An Echelon Media Company
Wednesday May 12th, 2021
Human Rights

My pardon not arbitrary; met Rathana Thero five years ago – Royal Park convict

The controversial presidential pardon granted to Royal Park murder convict Shramantha Jude Jayamaha was the culmination of a process that began three years, according to an open letter attributed to Jayamaha. The letter, now being circulated online, also claims his purported reform began five years ago when he first encountered parliamentarian Athuraliye Rathana Thero.

“I met Ve. Rathana Thero for the first time – when I was at a particularly low point in my life – around five years ago. He was meeting prisoners to give us meditation advice, and in a very long time, someone looked at me with kindness. It was he who gave me the desire to believe in life again and even motivated me to pick up my studies again,” writes Jayamaha.

According to a statement issued by the President’s Media Division (PMD) on Monday (11), the call for a presidential pardon for Jayamaha had come from Rathana Thero himself, with the backing of several religious leaders including a Catholic Bishop.

Rathana Thero, the PMD communique said, had facilitated a meeting between Sirisena and Jayamaha’s family and made a case for the prisoner’s release. Various parties, with Rathana Thero at the forefront, had made representations to the President, showing cause for a presidential pardon citing good behaviour, the convict’s youth (he had been 19 at the time) and exceptional academic performance behind bars).

Today’s letter, purportedly penned by Jayamaha himself, details how his pardon was not an arbitrary decision by President Maithripala Sirisena but was the final step in a continual sequence of reviews and approvals that began in 2016.

After detailed interviews, writes Jayamaha, 250 prisoners out of 600 were commuted to life imprisonment with reports specifying that “we are fit to be reintroduced to society”.

From 2018 to 2019, the President’s legal review board had reviewed reports purportedly submitted by unnamed judges, Prisons Department officials and the Attorney General’s Department with recommendations from the Ministry of Justice toward his release.

Based on those recommendations, “constitutional procedures” and the opinion of the legal review board, writes Jayamaha, his review was approved.

“There are some who still think I should be inside prison and I can’t change that. But if you don’t believe anything else, at least believe that the pardon that was given to me was not a result of any coercion or influence, but purely through process, and as I pointed out earlier, I am one of several hundreds of people who are fortunate enough to be afforded a second chance at life through the merit-based pardoning system,” he says.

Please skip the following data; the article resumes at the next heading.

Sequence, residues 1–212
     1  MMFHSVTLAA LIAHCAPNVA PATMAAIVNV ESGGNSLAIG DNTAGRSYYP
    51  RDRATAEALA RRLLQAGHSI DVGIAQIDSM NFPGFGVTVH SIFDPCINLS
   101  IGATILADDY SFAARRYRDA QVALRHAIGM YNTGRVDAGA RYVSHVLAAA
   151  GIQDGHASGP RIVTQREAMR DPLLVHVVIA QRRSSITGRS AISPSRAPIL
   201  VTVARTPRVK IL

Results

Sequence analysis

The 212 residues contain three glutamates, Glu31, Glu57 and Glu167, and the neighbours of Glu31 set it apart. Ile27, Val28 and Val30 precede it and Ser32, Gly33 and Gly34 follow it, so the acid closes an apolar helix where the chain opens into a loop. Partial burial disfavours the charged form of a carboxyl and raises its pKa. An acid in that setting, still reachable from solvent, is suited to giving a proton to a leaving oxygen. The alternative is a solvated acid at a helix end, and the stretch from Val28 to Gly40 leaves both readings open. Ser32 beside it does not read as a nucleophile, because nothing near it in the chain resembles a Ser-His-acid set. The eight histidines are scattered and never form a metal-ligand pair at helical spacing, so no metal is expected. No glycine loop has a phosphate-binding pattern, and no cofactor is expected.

Much of the letter, composed in a pensive, remorseful tone, is seeking understanding and forgiveness for his alleged crime, and Jayamaha details the circumstances under which he obtained his education behind bars.

“I am the product of a broken home as my parents are divorced. I grew up lonely, hurting, insecure and never understood what it’s like to belong to a close-knit family. By the time I was 16, I had grown into a disgruntled youth with little control over how I behaved in society,” writes Jayamaha.

“Today, I stand as a 34-year-old who has spent the best years of my youth in prison, enclosed in a 6x8ft room with access to only 30 minutes of sunlight every day. It was the darkest period of my life, locked up for over 12 hours of each day, with a bucket as a latrine, which also served as my chair. I slept on the floor and the pillow I lay my head on was also my desk. If there was hell on earth, I experienced it in the past 14+ years. I’m out now, but in a world that I hardly know or recognise. And all I see is your anger and hate directed at me – not that I don’t deserve it, but please understand that I am not the same 19-year-old who was imprisoned.”

Jayamaha closes his letter appealing to the sense of forgiveness of Sri Lankans: “I ask for your understanding, because that is the kind of country we live in – where there is hope for even the worst criminal and mercy and forgiveness is a way of life. Please give me another chance.”

The open letter purportedly written by Jayamaha


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